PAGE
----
After a reporter asked President Trump last week about using emergency powers to build a wall at the southern border, it was only a matter of time before Trump began to seriously consider declaring a “national emergency” in order to act without Congress. As RedState wrote earlier, the president is now saying, “I have the absolute right to declare a national emergency, I haven’t done it yet. I may do it. If this doesn’t work out I would almost say definitely.”

It should be obvious to everyone that this is an extremely dangerous precedent to set, and such executive overreach should anger members of Congress, but apparently at least one Republican in Congress doesn’t see it that way. Senator Lindsey Graham (R-S.C.) somehow finds this power grab an appropriate course and is shamelessly, disappointingly giving in — while giving up congressional power.

“I hope it works,” the Senator says, as he cheers the ceding of congressional authority to the executive.

Furthermore, RedState Front-Page Contributor Kimberly Ross astutely observed earlier this evening that it’s evident this is nothing more than an example of Donald Trump trying to save face for breaking a campaign promise:

Overall, the crowds who cheered him on years ago are still in support of a wall and would like to see it done no matter what it takes. But these starry-eyed Republicans are acting like Obama supporters of the past. They want Trump’s agenda fulfilled no matter if it abuses the power of the presidency or not.

And declaring a national emergency for something that isn’t one is definitely abusing the privilege of the office.

Somehow, during the first two years of Donald Trump’s presidency, no national emergency existed at the southern border. Miraculously, once the Democrats took back the House at midterms, an emergency of epic proportions appeared! Suddenly!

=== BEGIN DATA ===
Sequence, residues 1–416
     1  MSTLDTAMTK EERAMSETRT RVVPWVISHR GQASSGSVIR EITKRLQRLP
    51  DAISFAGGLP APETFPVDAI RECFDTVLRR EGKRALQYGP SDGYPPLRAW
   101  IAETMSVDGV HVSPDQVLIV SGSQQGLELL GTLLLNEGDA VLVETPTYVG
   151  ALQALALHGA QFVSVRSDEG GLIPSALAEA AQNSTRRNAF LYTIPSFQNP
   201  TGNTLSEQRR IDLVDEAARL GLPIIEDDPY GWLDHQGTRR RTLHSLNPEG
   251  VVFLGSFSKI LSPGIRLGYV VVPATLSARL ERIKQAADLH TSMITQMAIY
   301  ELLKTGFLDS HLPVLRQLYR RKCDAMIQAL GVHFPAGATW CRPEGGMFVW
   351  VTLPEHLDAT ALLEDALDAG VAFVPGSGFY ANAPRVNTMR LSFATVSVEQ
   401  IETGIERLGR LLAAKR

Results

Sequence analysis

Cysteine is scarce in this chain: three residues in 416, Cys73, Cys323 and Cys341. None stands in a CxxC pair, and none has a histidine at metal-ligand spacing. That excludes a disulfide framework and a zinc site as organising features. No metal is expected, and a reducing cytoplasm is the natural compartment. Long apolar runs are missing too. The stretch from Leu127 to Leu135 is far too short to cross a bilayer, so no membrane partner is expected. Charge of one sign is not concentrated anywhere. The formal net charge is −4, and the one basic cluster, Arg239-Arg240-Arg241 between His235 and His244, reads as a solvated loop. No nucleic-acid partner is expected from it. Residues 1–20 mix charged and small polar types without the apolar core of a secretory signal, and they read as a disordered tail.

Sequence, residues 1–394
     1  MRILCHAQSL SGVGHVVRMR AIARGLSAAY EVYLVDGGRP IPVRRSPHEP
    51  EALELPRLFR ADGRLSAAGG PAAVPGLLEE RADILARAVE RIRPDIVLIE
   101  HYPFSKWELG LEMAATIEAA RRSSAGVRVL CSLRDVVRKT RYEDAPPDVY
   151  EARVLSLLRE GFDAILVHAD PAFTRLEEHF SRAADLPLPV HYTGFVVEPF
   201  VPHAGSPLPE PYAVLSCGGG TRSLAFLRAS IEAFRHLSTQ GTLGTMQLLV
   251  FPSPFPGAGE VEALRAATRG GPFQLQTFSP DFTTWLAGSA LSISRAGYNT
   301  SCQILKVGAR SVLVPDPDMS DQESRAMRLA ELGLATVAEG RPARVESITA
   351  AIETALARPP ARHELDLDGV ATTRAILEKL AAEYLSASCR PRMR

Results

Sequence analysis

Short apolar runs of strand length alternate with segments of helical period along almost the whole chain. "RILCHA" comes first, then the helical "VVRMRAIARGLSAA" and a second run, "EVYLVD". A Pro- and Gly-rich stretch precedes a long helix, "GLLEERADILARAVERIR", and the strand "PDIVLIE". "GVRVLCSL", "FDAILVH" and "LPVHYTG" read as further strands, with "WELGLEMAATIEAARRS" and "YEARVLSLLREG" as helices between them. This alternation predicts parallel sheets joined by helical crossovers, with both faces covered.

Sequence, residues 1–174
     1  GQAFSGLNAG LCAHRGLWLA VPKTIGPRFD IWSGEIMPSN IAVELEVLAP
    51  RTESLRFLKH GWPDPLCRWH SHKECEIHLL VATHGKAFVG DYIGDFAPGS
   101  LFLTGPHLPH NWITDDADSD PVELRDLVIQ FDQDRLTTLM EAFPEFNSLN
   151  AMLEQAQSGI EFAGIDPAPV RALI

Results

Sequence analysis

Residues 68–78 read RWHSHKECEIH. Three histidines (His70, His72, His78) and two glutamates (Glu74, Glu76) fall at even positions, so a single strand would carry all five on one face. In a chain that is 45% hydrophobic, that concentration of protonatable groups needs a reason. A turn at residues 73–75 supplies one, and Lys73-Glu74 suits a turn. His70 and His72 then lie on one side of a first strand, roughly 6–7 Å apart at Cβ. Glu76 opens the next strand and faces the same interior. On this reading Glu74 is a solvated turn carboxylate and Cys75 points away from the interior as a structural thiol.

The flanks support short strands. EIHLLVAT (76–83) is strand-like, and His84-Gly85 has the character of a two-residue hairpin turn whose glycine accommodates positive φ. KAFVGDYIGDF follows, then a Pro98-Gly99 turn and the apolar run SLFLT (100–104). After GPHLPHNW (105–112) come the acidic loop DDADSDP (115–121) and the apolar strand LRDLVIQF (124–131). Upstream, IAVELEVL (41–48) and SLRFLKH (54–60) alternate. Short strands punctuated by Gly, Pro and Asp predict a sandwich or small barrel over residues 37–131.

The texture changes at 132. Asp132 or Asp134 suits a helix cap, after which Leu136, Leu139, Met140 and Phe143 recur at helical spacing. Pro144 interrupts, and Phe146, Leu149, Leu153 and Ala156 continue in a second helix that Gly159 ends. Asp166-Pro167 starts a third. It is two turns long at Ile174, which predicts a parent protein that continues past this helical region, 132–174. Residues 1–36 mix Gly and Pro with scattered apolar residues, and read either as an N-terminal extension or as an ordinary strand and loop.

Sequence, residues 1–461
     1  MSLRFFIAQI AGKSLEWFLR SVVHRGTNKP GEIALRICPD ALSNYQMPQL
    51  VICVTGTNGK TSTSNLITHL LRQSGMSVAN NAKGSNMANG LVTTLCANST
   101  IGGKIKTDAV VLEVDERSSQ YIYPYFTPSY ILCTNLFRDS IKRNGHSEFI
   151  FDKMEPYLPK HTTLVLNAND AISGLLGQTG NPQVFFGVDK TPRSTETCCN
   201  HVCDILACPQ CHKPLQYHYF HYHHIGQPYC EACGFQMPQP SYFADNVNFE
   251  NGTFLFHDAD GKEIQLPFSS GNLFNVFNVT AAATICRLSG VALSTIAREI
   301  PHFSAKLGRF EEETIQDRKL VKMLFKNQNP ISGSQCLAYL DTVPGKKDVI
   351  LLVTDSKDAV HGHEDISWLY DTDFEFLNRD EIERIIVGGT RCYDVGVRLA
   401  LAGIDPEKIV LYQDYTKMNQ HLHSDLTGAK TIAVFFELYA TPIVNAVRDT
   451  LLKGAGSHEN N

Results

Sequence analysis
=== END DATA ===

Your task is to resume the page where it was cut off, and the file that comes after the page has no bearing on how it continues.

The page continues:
He had two years with Republican majorities in both houses of Congress, but he only waited until after the Democrats regained power of one of the houses. And that’s to say nothing of his repeated promise that Mexico would pay for the wall, the very same wall that he’s holding the American government hostage to demand funding for. (It should be noted here that the government was never shut down in an attempt to defund Planned Parenthood).

And Graham’s attitude is a change in tone regarding both executive overreach and the wall as immigration policy as a whole. Tim Miller, a former spokesman for the Republican National Committee and communications director for Jeb Bush, tweeted out some examples of Graham’s hypocrisy:

It’s worth noting Graham was once a critic of executive overreach when the White House was in the hands of another political party, writing in 2014:

This overreach by President Obama is breathtaking, and every American should be unnerved by the implications of this decision. The executive action is unprecedented and tramples on the concept of constitutional checks and balances.

There is also the dangerous precedent that this move sets. We should not give Democrats any reason or ability to abuse executive power upon a Democrat’s return to the White House. If President Trump sets this stage with this “national emergency,” it almost guarantees that the next Democratic President will declare a “national emergency” to tackle issues like climate change. And I can assure you that you won’t like the steps the Democrat president takes while Republicans in Congress sit helplessly by, all because such executive overreach is part of the slippery slope they themselves not only allowed but applauded.

No Republican and no proponent of limited government should be cheering this abuse of power, and members of Congress should focus on reasserting legislative power rather than continuing to cede power to the executive branch.

The views expressed here are those of the author and do not represent those of any other individual or entity. Follow Sarah on Twitter: @sarahmquinlan.